Not unless the liberal giving to Greenpeace or the ACLU is receiving direct services from them in the same way that the churchgoer donating to their own church does.

This does mean, though, that liberals would have to admit that donations to NPR/PBS arguably aren't really charitable either.

Because if it doesn't, "controlling for religion" is essentially "controlling for causes that secular liberals don't like."

No, controlling for religion is an attempt to get at how much people donate to do actual charitable work in the world as opposed to what amounts to unenforced payment for services. Hiring a minister for your own church or putting in new stained glass into your own church isn't what most people would consider charity.
posted by ROU_Xenophobe at 11:23 AM on December 27, 2012 [2 favorites]


I like stuff like this--probably because it's self-affirming, regardless of the problems (I mean, I've seen many studies that conservatives or religious donate more than non-religious, but then, I don't know if I trust those "studies" as well).

Terror Management Theory (TMT) has shown over and over again, IF these participants had had to think about their own death, they would have been more likely to share with those of similar political/religious/etc beliefs and much less likely to share with those of different political/religious/etc beliefs.
There's a lot of academic stuff on TMT, but only the documentary "Flight from Death" seems geared toward the mainstream. (Available on youtube and hulu for free.)
posted by whatgorilla at 12:04 PM on December 27, 2012


I think they should have tested Swedes vs Swedish Americans. As someone who lives in a city that's about a third Swedish, I can vouch that they are generous people.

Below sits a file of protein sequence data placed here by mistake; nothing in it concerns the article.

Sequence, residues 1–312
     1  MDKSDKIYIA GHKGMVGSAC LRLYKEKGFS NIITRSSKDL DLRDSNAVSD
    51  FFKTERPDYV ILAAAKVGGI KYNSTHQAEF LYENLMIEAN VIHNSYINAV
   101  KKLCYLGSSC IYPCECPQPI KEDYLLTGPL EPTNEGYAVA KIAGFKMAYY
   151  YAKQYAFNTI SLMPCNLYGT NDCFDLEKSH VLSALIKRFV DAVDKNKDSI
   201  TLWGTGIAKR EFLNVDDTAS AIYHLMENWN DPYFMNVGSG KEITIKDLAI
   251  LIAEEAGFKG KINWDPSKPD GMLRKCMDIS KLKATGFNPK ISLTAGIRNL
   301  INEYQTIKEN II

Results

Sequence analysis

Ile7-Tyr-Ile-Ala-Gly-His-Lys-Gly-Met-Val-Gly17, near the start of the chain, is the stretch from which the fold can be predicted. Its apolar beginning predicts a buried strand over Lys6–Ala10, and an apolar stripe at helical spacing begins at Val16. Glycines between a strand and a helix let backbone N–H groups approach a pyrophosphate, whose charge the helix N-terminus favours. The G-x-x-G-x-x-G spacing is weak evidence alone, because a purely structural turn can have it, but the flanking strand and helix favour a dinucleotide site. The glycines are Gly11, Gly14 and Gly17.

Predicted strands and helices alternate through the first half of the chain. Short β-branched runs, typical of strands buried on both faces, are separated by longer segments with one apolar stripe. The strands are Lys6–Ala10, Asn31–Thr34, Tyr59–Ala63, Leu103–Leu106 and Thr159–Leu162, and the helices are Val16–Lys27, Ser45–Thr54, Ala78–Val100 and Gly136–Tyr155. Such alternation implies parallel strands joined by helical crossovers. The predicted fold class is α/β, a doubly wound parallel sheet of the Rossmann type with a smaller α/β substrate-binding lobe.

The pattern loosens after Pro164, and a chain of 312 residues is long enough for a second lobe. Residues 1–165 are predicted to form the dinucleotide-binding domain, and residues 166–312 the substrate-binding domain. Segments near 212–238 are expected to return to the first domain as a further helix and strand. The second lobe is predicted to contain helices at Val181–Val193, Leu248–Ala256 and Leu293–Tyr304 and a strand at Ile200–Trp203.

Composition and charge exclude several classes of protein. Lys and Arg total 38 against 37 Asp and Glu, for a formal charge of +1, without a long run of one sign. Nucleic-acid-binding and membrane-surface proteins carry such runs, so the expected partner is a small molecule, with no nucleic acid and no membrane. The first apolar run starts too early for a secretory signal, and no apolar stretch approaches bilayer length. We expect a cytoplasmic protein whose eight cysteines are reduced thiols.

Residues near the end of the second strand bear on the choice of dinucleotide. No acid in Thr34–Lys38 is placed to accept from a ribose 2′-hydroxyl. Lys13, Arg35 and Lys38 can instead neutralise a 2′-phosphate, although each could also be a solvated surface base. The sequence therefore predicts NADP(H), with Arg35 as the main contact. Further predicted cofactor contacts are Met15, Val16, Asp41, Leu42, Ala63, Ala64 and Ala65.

posted by michaelh at 12:16 PM on December 27, 2012


Because religions are, quantifiably, pretty crap at the whole 'charitable organization' game.

Oh, so you know how many aid orgs are religious vs secular, and what the breakdown of costs and processes is for both? That's impressive. Heck, that's a PHD.

I am as atheist as they come, but blanket generalisations like this cannot pass uncommented. Many of the world's biggest - and, yes, best - aid organisations are religious or religious-founded. They do amazing work without care for faith, creed, or nationality. Blackening them like this without a shred of evidence beyond anti-religion dogma is uncharitable (har har) in the extreme.

What is it about aid that brings out the innner Generalisation Fascist in people? Generalisations about aid are such a waste of time, but they are so popular. Everyone like a just-so story about starving Africans that confirms their racial, political, social or religious prejudice. Aid is complicated; it defies generalisation.
posted by smoke at 3:40 PM on December 27, 2012 [1 favorite]


Hiring a minister for your own church or putting in new stained glass into your own church isn't what most people would consider charity.

Actually, it kind of is. You may not like it, but a majority of the country--indeed of the world--subscribes to one sort of religious faith or another.

I think this is where we say "deal with it."
posted by valkyryn at 6:45 AM on December 28, 2012


And, of course, there is the added complicating factor that many conservatives seem to believe in charity as the only moral solution to certain social problems, whereas liberals tend to view those same problems as more reliably and thoroughly solved by government action (and in a manner more respectful to the victims - much better to receive a payment on a regular basis from the state than to have to simper like a slave in the hopes of receiving money on the whim of a rich man).

What is interesting about this study is that (in a very small and limited way) it goes against a common conservative talking point - that conservatives are more generous than liberals.

For some reason, conservatives seem desperate to cling to the idea that they are somehow "better" people than liberals. This is the subtext of so much of what you can see pumped out every day by conservative news sources - an image of liberals as hypocritical, ridiculous and above all greedy - wanting to take from YOU to give to THEM.